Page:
We wanted you to know that he died at home peacefully and gently shortly after midnight July 11th. He was 101 and writing poetry, even this week.

Here are the final details for honoring dad on Sunday in New York and Monday in Washington, DC. We look forward to seeing you and sharing Dad’s life together.

Sunday, July 15, 10:00 AM Westchester NY

  • Interment with military honors and brief service led by Rabbi Norman Janis
    Mt. Pleasant Cemetery
    80 Commerce Street, Hawthorne, NY 10532, 914-769-0397 (Westchester County).
  • Reception to immediately follow at the home of Joan and Tony Barzilay-Freund (25 minute drive)
    375 Pound Ridge Rd.
    Bedford NY, 10506
    United States

Monday, July 16, 6:30 PM, Washington DC

  • A brief religious service led by Rabbi Jonathan Roos, followed by a shiva/reception in the Lounge at
    Ingleside at Rock Creek:
    5121 Broad Branch Rd NW
    Washington, DC 20008
    (Valet parking in the garage)

In lieu of flowers, please consider a contribution to the following:

1. The Henry Morgenthau Poetry Prize (for new poets over the age of 60)

Please make checks payable to:
The Henry Morgenthau Poetry Prize

Please send contributions to Passager Books
1420 N. Charles Street,
Baltimore, MD 21201

Online donations will be possible starting next week at GoFundMe.com and searching for Henry Morgenthau

2. Princeton University

Princeton University
Make a gift online or mail to 330 Alexander Street, Princeton, New Jersey, 08540

Love,
Sarah, Ben, and Kramer and the Grandchildren, Teddy, Henry, Mizia, Henry V, Mizia, and Osias

From WGBH – July 17, 2018

The WGBH community mourns the passing of pioneering WGBH Executive Producer Henry Morgenthau III. He joined fledgling WGBH TV just two years after it went on the air, and for the next two decades (1957-1977) created numerous memorable documentaries and talk shows.

WGBH vice chair and former president Henry Becton was a producer trainee under Morgenthau and recalls him as a “beloved mentor to many us,” with a refreshingly understated and selfless style. “Our audience benefitted time after time from Henry’s genuine and far-ranging intellectual curiosity, from his social conscience, often ahead of his time, and from his access to the best minds and leaders in numerous fields,” says Becton, who had the opportunity to work with Morgenthau on a national special about parenting hosted by famed pediatrician Dr. T. Barry Brazelton.

Among Morgenthau’s signature programs were SOUTH AFRICAN ESSAY, a mini-series on apartheid, and ELEANOR ROOSEVELT: PROSPECTS OF MANKIND, a weekly program with Mrs. Roosevelt moderating discussions with world leaders on contemporary themes. In 1963, at the height of the civil rights struggle, Morgenthau produced THE NEGRO AND THE AMERICAN PROMISE, featuring interviews with Martin Luther King, Jr., Nation of Islam Minister Malcolm X, and author James Baldwin. Excerpts from the Baldwin interview were used in the 2016 Academy Award-nominated I Am Not Your Negro documentary.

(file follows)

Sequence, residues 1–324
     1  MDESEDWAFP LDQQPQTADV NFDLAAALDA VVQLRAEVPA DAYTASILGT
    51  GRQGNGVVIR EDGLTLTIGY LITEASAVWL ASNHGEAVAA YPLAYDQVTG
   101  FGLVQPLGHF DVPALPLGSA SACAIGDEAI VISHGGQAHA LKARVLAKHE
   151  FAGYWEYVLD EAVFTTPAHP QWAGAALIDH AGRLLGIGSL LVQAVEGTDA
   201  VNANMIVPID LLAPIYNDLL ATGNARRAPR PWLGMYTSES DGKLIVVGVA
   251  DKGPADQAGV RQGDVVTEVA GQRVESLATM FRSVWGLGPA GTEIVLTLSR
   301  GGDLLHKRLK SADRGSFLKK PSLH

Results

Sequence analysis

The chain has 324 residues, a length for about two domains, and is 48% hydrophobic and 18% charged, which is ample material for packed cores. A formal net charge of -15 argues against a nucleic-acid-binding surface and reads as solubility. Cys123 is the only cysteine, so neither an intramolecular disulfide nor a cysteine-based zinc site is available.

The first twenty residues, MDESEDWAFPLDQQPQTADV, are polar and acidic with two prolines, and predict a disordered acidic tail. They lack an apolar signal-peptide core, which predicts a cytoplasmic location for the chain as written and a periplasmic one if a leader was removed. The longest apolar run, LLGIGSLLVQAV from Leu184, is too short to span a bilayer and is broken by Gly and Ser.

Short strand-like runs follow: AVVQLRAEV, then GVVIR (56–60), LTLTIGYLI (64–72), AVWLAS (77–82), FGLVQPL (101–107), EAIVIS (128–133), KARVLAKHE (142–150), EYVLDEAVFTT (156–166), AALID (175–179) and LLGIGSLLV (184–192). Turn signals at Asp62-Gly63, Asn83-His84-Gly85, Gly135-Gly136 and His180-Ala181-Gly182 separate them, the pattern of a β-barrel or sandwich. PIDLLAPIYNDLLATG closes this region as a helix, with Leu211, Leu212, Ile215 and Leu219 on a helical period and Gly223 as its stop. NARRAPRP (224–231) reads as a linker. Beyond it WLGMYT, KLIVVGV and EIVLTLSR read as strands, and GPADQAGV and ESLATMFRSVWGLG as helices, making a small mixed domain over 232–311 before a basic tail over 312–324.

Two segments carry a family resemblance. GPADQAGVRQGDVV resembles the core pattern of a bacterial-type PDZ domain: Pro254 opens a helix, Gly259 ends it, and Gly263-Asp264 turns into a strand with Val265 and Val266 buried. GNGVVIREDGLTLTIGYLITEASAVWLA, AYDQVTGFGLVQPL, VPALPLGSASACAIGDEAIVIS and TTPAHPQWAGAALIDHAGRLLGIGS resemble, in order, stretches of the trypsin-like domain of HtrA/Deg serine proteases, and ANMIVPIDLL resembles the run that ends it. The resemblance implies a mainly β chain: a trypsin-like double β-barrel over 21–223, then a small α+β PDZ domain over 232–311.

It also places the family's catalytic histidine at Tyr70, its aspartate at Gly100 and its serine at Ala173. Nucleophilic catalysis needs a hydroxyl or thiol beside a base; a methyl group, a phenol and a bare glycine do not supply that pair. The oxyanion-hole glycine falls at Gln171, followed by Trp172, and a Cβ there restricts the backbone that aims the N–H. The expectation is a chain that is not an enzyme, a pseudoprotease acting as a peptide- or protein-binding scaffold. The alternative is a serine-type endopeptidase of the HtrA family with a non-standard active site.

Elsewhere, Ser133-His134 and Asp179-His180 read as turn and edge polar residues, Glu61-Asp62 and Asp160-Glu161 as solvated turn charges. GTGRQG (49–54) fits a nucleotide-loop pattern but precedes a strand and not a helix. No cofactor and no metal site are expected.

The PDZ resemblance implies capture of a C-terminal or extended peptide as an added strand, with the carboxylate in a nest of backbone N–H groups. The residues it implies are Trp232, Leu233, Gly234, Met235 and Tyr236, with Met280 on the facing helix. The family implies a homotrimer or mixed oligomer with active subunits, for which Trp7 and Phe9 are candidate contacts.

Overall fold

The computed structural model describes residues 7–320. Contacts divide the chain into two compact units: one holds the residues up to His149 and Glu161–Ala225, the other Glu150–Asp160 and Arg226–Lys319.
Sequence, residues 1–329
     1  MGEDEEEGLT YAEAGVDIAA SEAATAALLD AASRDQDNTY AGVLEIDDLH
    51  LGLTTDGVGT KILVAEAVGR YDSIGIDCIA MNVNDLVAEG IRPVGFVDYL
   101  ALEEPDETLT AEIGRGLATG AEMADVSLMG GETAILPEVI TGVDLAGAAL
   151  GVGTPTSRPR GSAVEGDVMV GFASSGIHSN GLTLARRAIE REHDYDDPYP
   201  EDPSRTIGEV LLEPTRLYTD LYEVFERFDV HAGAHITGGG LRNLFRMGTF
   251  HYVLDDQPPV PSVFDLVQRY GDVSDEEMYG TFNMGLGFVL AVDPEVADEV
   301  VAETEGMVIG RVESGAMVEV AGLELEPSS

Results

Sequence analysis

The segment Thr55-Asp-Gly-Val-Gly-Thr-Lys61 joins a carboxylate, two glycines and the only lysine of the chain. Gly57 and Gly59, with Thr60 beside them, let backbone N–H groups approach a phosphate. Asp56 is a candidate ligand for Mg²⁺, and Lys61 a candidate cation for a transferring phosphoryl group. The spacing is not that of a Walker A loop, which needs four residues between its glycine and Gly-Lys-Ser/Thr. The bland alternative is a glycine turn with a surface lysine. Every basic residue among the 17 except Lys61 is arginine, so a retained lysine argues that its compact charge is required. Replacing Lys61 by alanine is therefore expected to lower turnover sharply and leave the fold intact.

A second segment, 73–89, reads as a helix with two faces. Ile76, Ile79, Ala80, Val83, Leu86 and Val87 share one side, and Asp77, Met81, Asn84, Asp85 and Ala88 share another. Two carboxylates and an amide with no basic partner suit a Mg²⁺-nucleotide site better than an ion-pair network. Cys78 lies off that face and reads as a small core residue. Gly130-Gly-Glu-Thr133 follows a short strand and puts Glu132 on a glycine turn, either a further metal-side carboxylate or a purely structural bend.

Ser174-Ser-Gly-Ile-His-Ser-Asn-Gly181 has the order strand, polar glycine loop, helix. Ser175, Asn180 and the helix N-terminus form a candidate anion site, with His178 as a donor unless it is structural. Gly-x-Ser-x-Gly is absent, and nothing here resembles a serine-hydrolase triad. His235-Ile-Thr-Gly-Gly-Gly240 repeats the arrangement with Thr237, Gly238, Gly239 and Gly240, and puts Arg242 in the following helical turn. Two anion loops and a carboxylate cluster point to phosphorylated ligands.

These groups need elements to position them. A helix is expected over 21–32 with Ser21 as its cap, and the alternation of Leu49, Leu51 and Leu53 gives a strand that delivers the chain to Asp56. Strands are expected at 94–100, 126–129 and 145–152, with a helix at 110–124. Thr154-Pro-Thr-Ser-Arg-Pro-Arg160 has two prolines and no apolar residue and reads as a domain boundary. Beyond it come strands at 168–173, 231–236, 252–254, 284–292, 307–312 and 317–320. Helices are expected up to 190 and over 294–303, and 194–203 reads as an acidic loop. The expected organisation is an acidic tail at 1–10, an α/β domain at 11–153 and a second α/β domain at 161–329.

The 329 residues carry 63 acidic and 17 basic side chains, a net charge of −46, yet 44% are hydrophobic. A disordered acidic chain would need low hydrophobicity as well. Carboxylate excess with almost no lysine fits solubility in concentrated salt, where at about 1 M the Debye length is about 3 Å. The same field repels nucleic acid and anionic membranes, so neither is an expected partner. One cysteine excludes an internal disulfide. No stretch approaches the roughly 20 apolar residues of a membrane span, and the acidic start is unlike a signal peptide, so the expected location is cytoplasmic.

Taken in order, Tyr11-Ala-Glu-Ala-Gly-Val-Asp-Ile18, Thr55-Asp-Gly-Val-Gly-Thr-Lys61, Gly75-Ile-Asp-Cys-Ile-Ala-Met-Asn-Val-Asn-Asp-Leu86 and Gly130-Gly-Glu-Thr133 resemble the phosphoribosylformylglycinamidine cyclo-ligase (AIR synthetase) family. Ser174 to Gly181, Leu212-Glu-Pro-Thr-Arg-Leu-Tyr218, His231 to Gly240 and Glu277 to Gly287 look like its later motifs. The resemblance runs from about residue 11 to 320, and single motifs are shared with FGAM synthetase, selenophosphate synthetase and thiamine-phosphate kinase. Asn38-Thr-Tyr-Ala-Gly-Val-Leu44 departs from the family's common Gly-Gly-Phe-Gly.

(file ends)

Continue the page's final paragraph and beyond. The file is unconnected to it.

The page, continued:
Morgenthau’s work at WGBH won national acclaim, including Peabody, Emmy, and UPI awards, among other honors. Becton noted that Morgenthau provided some priceless recollections for the American Archive of Public Broadcasting, and WGBH toasted him as a special guest last fall, at the age of 100, for the AAPB’s 50th anniversary celebration of the signing of the Public Broadcasting Act at the Library of Congress. Noted Becton, “Later in life Henry’s creativity found a new chapter as a poet, continuing to inspire us to the end.”

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5 thoughts on “Henry Morgenthau III, 101, pioneering producer

  1. Henry was a dear friend from his arrival at WGBH in 1957 until his final days at Ingleside. His contributions to public television, to support for Harvard Hillel, unfailing commitment to the Armenian community, growth as a poet, and, perhaps most of all, as dad of an exemplary family, are just a few of the hallmarks of a remarkable gentleman.

  2. To have worked with Henry Morgenthau was a privilege and is a precious memory. He was generous and instructive and, when appropriate, witty. A living heir to decades of precious history, he drew on the past, examined the present, and looked at the future with wisdom and caution.

  3. Memories of Henry Morgenthau emerging from his office at 125 Western Ave. have stayed in my mind. He would look so deeply absorbed, so thoughtful …. and he somehow made one conscious of generations of American and European history. A treasure, to be sure. Thank you, WGBH and Mr. Morganthau’s family, for giving us this fascinating background.